My journey with inflammatory bowel disease (IBD) started in 2006 when I was 22. I had just started a job at a high-power Wall Street firm in New York City and, having a family history of colorectal cancer, I went for a colonoscopy as soon as my health insurance kicked in. Doctors told me I was in the clear, but they'd continue to monitor me.
Five months later, I had my first flare-up. This included diarrhea and intense abdominal cramps. The toilet filled with blood. I went back to the doctor where I learned that I had been diagnosed with ulcerative colitis, though that hadn't been communicated to me after my first colonoscopy.
In the two years that followed, my condition quickly deteriorated into a series of on-and-off flares. My disease was concentrated around my anus, which made it painful to sit. My weight dropped from 135 pounds to 85 in six months, and I became severely anemic. I was being fed through tubes and my hair started graying.
Here I was a young woman with a 4.0 GPA, a stellar career ahead of me and my entire life — my future — was pulled from beneath my feet. Up until my diagnosis, I was incredibly active. I played varsity basketball in high school. I had a black belt in karate. I kayaked and traveled. I'd regularly go out for dinner and drinks with friends. All that went away.
I developed a never-ending flare in January 2008 and was put on many different medications, including biologics. In July 2008, Anand, my then-boyfriend, now-husband, rushed me to the ER where my surgeon told me that if I did not have surgery immediately, I would not survive. I had my colon and most of my rectum removed and was given a temporary ileostomy pouch.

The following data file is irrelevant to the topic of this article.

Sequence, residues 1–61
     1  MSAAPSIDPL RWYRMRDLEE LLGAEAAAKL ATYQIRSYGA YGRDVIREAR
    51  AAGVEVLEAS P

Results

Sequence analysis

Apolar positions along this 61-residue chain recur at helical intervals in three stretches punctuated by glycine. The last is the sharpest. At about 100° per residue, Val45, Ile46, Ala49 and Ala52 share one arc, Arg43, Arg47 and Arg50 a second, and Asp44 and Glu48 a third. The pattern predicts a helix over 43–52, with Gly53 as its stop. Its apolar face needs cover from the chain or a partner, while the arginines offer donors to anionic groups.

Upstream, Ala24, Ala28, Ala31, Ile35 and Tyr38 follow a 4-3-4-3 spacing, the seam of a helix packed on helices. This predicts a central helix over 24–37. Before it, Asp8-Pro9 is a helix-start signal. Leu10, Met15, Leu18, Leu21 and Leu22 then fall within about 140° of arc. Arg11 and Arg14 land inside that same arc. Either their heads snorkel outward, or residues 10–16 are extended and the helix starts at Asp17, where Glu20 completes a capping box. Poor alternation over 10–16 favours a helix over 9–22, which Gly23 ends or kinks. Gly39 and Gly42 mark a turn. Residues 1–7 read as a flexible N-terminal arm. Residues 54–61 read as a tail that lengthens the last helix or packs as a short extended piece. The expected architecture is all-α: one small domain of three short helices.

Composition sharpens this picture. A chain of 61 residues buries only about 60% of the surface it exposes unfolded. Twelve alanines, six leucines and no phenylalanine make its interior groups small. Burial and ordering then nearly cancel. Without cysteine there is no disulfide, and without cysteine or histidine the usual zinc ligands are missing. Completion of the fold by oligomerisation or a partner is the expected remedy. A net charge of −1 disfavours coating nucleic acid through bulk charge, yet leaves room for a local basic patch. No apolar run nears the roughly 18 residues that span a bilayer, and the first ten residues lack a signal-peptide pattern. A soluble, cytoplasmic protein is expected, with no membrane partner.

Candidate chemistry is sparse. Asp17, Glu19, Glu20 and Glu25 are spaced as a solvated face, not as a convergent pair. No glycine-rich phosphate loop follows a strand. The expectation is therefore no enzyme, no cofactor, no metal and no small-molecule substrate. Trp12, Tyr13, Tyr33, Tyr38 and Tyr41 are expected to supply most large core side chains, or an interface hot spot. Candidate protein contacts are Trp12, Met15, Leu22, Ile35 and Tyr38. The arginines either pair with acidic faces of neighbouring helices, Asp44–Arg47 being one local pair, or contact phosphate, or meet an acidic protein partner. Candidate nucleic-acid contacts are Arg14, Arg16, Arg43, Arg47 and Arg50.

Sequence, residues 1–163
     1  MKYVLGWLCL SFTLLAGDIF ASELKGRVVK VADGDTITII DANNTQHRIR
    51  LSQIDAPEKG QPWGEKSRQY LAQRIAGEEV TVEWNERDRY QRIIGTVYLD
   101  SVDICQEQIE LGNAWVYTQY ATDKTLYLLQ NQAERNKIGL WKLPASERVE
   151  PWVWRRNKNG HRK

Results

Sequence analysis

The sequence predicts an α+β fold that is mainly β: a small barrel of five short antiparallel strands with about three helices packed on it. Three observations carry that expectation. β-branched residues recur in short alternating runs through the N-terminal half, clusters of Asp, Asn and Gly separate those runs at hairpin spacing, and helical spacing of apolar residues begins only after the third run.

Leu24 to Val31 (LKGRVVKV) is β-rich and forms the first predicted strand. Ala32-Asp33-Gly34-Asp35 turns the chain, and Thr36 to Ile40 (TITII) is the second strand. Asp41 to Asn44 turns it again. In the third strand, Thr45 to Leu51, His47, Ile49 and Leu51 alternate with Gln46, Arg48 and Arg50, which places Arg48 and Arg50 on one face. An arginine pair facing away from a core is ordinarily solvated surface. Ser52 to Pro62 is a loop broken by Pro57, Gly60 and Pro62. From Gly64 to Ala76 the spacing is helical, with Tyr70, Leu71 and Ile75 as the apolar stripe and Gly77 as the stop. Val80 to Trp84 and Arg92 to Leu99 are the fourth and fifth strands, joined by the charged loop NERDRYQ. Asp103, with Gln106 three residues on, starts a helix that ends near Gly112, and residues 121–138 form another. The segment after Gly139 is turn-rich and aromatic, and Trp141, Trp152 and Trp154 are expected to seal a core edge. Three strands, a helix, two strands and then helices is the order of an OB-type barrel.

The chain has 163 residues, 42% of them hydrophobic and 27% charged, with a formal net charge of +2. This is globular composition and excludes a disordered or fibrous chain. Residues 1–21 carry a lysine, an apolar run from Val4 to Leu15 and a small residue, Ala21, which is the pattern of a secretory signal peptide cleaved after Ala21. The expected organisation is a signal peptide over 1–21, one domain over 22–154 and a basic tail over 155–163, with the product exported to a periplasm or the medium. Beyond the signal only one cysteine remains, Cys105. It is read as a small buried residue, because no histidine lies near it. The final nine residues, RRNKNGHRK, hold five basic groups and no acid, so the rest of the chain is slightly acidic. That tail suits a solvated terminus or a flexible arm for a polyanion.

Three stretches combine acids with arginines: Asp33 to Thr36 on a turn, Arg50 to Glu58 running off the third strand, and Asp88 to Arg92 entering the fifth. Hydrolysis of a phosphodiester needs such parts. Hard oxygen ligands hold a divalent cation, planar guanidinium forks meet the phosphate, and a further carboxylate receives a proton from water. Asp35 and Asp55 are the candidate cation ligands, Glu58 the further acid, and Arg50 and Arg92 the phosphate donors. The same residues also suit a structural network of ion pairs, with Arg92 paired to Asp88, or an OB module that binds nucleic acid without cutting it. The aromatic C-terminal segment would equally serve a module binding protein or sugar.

My culture's response felt jarring and was unexpected. "No one's going to marry you with an ostomy," they said.
When my father was in a coma and fighting for his life from colorectal cancer at 39, he'd repeatedly try to rip off his ostomy pouch. I was 8 at the time, and it's an image that has stayed with me since: The shame and taboo over his disease, reinforced by our South Asian culture, was so strong that even at the end of his life he was unable to accept the treatment that was helping him. In my culture, there's a Hindi phrase we often use to minimize discussions around taboo topics, including bowel disease: "Log kya kahenge?" meaning, "What will society think?"
When I would discuss my condition, people within my culture told me, "This is a diet disease. You did this to yourself with your poor lifestyle." That followed with warnings against Western medicine and surgery. Instead, they told me to change my diet and try alternative therapies. My boss's reaction wasn't much better: He continually made fart jokes.
When I was first diagnosed with IBD, my mother connected me with a therapist, even though there is a taboo in our culture about mental health care. My therapist helped me realize that the people who were making comments about my weight and appearance and trying to force alternative therapies on me crossed a line. She also helped me deal with the grief that comes with having a chronic disease.
In November 2008, I went through the next stage of my treatment, a j-pouch surgery, which fashioned a j-shaped pouch out of my small intestine and reversed the ostomy. This allowed me to defecate through my bottom. I went forward with a j-pouch in hopes that my condition would improve and that I would be able to get married.